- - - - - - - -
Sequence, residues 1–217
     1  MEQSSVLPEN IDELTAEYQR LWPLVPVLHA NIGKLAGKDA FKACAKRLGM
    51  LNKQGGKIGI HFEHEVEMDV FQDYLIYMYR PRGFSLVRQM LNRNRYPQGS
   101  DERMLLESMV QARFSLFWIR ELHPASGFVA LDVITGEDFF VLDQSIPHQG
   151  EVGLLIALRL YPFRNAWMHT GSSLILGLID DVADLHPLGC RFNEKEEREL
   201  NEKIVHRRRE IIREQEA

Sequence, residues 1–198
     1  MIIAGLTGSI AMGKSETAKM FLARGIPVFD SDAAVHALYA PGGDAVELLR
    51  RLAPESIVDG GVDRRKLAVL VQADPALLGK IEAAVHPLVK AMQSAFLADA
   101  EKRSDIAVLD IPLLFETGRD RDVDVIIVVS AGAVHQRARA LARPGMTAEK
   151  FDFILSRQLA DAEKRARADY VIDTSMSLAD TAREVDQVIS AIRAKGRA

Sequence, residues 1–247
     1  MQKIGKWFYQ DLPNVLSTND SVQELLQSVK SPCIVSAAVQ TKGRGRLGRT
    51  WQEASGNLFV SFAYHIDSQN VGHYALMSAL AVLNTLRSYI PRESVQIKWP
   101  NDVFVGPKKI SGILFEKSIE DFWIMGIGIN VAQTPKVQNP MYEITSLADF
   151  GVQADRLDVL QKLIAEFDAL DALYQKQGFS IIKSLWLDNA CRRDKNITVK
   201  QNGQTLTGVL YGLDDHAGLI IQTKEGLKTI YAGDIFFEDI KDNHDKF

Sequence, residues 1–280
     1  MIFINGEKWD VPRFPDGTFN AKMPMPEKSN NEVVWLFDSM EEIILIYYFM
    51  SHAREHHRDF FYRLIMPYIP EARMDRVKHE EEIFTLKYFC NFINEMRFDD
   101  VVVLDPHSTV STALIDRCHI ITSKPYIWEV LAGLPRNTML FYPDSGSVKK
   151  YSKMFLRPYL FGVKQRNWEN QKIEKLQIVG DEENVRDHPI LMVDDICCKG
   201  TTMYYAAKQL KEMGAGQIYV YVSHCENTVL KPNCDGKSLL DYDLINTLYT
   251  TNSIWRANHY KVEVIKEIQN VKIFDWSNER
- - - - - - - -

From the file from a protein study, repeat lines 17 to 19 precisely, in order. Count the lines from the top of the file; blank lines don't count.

   201  QNGQTLTGVL YGLDDHAGLI IQTKEGLKTI YAGDIFFEDI KDNHDKF

Sequence, residues 1–280
     1  MIFINGEKWD VPRFPDGTFN AKMPMPEKSN NEVVWLFDSM EEIILIYYFM